Fig. 1 Ihe cognitive view of the maintenance of bulimia nervosa. (Reproduced with permission from C.G. Fairburn (1997). Eating disorders. In Science and practice of cognitive behaviour therapy (ed. D.M. Clark and C.G. Fairburn). Oxford University Press.

Binge eating is the only feature that is not obviously a direct expression of the concerns about shape and weight. It is present in all patients with bulimia nervosa (by definition) and a subgroup of those with anorexia nervosa. It is likely to be the result of these patients' particular type of dieting and their perfectionist standards. Patients with anorexia nervosa and bulimia nervosa severely restrict their food intake and are therefore under continuous physiological pressure to eat, but it is the form of their dieting that makes them particularly prone to binge. Rather than having general guidelines about how they should eat, these patients impose upon themselves multiple extreme, and highly specific, dietary rules. These rules concern when they should eat (or rather when they must not eat, for example not before 6 p.m.), exactly what they should eat (or rather, what they must not eat, so that most patients have a large list of 'forbidden foods'), and the overall amount of food that they should eat (e.g. less than 1000 kcal daily). Most patients attempt to follow many such dietary rules, but this proves almost impossible.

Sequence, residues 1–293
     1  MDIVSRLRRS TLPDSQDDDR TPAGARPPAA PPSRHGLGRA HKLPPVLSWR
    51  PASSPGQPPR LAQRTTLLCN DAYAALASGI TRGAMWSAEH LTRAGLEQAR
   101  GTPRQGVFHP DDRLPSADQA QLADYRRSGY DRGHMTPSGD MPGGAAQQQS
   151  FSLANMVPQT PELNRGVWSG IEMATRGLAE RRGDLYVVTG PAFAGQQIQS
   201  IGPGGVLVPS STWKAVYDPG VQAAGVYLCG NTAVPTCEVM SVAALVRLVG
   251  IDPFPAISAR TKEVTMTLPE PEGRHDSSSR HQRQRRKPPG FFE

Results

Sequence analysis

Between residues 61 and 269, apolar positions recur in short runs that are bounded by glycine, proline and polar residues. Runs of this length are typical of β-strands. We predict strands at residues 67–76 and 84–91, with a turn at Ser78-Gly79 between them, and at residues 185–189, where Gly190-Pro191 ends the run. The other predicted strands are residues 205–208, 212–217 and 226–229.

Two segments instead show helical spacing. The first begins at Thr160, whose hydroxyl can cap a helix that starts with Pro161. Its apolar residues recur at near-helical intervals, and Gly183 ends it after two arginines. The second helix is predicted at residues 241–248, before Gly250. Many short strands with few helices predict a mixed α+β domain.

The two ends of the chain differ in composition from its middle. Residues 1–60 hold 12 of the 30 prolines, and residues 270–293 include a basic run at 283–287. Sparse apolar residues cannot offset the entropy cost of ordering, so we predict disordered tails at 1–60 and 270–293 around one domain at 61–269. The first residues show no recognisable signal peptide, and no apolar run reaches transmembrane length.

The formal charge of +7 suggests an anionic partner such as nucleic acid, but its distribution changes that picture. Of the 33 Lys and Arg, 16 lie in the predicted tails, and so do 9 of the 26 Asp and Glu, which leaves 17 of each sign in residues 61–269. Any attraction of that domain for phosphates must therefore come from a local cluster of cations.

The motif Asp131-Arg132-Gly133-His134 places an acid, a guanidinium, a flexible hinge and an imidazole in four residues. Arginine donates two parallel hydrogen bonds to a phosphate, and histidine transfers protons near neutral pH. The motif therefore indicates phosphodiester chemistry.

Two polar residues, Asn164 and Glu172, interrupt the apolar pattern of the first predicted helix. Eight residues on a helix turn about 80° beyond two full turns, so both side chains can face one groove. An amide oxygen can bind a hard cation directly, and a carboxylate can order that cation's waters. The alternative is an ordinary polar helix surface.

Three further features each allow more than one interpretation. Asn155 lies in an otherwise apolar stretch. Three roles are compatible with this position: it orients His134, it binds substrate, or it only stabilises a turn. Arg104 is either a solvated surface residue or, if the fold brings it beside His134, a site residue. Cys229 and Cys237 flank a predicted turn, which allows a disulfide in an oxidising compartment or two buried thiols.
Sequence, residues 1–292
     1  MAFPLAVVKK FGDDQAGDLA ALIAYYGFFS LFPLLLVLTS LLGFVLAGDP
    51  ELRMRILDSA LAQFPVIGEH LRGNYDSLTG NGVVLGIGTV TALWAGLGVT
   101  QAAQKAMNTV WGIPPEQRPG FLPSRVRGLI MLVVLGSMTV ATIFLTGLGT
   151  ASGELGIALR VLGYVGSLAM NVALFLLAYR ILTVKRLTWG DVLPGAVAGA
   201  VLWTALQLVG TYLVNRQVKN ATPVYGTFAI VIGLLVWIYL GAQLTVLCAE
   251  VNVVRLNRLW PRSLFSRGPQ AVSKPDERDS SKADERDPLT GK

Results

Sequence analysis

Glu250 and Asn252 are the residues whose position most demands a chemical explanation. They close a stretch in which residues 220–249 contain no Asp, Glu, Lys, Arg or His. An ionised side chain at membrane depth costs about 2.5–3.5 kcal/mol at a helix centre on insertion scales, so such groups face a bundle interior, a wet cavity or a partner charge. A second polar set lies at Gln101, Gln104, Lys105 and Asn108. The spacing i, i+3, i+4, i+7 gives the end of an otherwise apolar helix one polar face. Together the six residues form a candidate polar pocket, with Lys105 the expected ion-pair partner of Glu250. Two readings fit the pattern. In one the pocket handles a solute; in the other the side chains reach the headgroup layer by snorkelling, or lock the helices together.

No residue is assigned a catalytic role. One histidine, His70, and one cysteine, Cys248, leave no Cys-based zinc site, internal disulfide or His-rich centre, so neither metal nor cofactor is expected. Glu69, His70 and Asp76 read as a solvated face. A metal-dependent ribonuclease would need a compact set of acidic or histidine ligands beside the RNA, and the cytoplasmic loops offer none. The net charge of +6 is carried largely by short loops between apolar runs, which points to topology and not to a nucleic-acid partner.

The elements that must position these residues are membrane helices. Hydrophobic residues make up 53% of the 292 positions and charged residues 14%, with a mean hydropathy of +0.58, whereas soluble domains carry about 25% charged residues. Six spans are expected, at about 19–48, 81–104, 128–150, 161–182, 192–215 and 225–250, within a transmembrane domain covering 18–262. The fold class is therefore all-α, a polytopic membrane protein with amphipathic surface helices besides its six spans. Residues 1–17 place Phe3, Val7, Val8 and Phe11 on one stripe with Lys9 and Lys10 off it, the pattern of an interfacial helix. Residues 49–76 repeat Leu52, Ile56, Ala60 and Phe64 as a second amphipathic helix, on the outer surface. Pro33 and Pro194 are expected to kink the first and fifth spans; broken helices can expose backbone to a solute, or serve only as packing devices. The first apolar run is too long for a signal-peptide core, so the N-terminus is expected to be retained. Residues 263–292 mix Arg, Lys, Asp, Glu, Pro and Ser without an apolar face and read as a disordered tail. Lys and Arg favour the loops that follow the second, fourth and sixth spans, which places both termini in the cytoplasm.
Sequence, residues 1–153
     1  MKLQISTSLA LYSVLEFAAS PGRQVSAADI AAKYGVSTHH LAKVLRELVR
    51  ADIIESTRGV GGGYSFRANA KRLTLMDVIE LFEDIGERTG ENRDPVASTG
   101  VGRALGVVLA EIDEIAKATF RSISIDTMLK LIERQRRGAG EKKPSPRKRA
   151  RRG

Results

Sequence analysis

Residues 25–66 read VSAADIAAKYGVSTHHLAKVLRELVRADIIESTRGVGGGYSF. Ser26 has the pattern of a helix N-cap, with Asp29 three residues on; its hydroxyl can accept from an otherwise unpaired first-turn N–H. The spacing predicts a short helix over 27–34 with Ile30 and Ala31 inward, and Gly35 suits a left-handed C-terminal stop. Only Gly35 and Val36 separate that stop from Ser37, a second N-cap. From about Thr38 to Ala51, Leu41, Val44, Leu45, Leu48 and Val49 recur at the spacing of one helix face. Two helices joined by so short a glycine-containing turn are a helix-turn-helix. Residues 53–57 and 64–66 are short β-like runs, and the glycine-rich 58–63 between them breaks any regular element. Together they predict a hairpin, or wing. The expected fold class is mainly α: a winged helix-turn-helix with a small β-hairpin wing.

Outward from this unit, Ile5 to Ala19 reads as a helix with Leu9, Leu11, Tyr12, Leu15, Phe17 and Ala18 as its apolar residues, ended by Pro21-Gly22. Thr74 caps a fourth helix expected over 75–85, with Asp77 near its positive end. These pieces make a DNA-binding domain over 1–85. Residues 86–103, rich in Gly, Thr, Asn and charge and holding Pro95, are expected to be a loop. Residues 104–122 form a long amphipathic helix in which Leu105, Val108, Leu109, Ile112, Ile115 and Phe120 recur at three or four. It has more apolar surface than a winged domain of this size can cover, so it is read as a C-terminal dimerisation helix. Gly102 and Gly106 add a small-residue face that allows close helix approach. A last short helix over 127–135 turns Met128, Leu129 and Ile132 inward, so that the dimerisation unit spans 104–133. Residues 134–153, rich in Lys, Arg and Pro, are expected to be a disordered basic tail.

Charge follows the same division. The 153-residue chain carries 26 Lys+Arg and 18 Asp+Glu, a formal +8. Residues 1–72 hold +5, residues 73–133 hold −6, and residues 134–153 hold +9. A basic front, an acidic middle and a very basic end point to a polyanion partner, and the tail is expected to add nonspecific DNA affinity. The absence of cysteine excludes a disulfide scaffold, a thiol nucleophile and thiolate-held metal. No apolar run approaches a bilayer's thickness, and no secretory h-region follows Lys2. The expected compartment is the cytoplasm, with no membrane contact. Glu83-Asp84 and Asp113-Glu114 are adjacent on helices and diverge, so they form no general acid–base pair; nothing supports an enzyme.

Accompanying the dietary rules is the tendency to react extremely negatively to the breaking of them. Even minor dietary slips are viewed as evidence of lack of self-control (an example of dichotomous or 'black and white' thinking) and, characteristically, this leads to the temporary abandonment of control over eating. The result is a pattern of eating in which extreme dieting is punctuated by repeated episodes of overeating (binge eating). The binges are particularly likely to occur at times of negative mood with all types of negative mood seeming to undermine these patients' ability to control their eating. Conversely, binge eating tends to moderate negative mood as a result of the sense of release that accompanies starting to binge, the positive connotations associated with eating certain foods, the drowsiness that follows eating large quantities of carbohydrate, and in those who vomit, the tension-relieving effect of self-induced vomiting. These positive effects are short-lived, however, and are gradually supplanted by mounting regret and self-disgust, and heightened fears of weight gain and fatness. As a result, patients become even more determined to restrict their food intake, thereby establishing a vicious circle.